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The Complexities of Adapting to Climate Change in Benin

Ouando Market, in Porto-Novo, Benin via Babylas CC-BY-SA 30

Ouando Market, in Porto-Novo, Benin via Babylas CC-BY-SA 30

Before the recently concluded climate change talks in Paris known as COP 21, a different conference on environmental worries took place in Benin. On 2 December, experts gathered in the country's largest city, Cotonou, to discuss development in the face of climate change, in an event organized by the French Agency for Development.

A few days before in the same city, on November 29, people rallied for the Marche béninoise pour le Climat (The Beninese March for Climate), organized by environmental advocacy groups as well as the global civic NGO Avaaz and the Belgium Consulate in Benin.

Environmental challenges are present as ever even in this African country nestled in the gulf of Guinea, considered to be a nonpolluting country by COP 21 standards, according to Raphaël Edou, former minister of climate change in Benin and current special adviser for the environment, who participated in the Cotonou conference. While Benin has emitted low levels of CO2 overall during the past decade, its emissions have kept rising in recent years, according to World Development Indicators, and the country is experiencing the effects of climate change.

But adapting to the changed environment and making efforts to prevent further change is sometimes easier said than done.

‘Can climate change really represent an opportunity for development?

The theme of the Cotonou conference, held at the French Institute of Research, was: “Can climate change really represent an opportunity for development? And for the benefit of whom?”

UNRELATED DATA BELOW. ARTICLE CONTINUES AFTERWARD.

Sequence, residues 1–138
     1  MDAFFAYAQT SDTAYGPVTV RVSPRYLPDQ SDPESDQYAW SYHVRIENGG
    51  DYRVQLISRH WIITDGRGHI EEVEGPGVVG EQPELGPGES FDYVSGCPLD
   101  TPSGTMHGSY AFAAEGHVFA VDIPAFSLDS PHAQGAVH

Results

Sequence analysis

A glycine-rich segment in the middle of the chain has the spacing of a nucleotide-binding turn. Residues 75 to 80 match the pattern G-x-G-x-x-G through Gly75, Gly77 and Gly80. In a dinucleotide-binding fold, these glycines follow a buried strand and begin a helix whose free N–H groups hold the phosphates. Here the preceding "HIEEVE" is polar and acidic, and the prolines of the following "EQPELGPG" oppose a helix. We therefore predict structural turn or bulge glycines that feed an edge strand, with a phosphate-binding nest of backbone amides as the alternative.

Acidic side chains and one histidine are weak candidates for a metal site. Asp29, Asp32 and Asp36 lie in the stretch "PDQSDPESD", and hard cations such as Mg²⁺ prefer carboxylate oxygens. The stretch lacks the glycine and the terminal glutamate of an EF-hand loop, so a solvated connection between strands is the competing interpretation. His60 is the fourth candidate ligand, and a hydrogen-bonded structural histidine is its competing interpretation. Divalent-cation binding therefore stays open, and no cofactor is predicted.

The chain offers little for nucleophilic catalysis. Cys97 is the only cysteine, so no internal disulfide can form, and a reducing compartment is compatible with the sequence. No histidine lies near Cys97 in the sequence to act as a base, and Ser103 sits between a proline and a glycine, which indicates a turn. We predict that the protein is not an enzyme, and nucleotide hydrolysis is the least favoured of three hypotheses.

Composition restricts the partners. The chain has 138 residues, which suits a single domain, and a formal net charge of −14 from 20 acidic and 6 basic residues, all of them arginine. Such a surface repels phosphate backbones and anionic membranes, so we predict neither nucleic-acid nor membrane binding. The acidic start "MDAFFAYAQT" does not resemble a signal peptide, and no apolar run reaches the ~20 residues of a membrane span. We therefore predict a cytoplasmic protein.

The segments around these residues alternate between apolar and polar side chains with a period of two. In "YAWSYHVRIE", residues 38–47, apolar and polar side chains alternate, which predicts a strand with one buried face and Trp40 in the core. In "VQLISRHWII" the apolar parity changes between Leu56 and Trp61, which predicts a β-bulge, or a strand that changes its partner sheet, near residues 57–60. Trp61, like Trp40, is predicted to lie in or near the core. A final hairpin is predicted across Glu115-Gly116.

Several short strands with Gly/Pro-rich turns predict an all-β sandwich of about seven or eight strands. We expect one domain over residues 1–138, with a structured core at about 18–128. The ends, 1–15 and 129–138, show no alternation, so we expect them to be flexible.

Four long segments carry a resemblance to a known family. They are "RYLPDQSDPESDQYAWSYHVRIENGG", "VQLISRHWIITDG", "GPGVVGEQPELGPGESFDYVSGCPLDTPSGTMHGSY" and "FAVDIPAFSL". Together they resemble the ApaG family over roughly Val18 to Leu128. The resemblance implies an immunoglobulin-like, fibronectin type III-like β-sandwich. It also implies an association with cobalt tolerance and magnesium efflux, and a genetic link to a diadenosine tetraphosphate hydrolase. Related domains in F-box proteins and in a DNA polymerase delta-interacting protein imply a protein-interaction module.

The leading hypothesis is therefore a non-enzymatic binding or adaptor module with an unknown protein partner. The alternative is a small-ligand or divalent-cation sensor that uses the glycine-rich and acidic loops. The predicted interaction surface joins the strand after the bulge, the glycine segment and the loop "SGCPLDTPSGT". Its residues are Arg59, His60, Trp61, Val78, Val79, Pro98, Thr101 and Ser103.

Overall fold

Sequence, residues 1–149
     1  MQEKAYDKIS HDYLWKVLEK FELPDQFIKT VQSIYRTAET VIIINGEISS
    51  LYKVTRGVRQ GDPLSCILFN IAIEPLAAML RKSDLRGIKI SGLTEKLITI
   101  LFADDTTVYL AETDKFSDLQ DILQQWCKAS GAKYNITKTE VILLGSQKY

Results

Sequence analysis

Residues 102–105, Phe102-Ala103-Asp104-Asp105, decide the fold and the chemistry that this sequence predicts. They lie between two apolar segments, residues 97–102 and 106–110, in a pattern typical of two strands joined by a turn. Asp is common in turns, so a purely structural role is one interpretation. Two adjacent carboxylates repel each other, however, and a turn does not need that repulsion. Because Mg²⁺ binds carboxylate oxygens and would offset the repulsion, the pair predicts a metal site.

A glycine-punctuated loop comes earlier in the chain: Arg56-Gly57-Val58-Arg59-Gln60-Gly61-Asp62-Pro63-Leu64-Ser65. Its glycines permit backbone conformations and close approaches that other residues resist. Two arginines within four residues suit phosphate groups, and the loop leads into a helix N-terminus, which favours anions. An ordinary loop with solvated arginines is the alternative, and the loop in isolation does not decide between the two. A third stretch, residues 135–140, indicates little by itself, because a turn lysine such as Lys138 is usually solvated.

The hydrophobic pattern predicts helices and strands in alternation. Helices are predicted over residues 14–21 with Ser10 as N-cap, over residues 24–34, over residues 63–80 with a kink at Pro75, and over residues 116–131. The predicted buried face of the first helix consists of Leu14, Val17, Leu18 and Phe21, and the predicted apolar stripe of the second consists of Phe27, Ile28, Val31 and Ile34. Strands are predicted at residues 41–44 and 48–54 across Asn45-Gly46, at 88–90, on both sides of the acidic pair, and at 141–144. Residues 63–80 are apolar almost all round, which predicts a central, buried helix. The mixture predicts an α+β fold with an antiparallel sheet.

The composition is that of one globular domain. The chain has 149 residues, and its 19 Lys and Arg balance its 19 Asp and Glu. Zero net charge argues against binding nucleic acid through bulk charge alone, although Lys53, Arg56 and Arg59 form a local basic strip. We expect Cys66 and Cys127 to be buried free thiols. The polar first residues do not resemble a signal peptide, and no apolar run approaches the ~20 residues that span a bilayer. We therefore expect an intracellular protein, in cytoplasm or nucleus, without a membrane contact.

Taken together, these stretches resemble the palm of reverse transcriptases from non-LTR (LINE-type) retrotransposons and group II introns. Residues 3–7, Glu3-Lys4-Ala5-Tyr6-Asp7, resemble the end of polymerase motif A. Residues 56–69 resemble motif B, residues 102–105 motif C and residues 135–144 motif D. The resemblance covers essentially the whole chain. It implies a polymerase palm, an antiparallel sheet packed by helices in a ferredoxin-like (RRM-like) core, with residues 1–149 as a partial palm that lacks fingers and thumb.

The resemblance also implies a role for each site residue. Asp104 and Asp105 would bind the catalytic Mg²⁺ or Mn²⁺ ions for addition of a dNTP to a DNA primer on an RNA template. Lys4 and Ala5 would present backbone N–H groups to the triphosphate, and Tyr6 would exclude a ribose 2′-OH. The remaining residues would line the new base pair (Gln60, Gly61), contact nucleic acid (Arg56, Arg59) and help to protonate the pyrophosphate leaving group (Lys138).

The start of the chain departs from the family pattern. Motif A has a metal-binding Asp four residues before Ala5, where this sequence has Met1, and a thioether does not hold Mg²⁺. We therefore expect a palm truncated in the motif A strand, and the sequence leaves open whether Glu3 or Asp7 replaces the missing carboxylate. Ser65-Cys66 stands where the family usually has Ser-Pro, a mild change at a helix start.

The talks revolved around whether humankind can adapt to the new reality of climate change and take advantage of it. In Benin, this adaptation — other would call it constraints — is seen in the attempts of some Beninese to make productive soil out of spoiled soil by using pesticides. Benin actually isn’t able to satisfy its domestic food demand on its own, as the data collected by FAO show. Farmers prefer to use pesticides to maximise their production, despite the dilemmas existing at the environmental and public health levels. This massive of use of pesticide occurs despite the mobilization of agroecological NGOs to raise awareness of the risks of its use.

Conference on Climate Change in Cotonou, Benin - via the author with her permission

Conference on Climate Change in Cotonou, Benin. Photo by Chiara Ronca. Used with permission.

During the conference, Raphaël Edou argued that one of the greatest problems in Benin regards the implementation of sound environmental strategies and projects. However, he did not explain what the involvement of political actors and various institutions in making those strategies would be, and who should take the lead: governments, the private sector or civil society.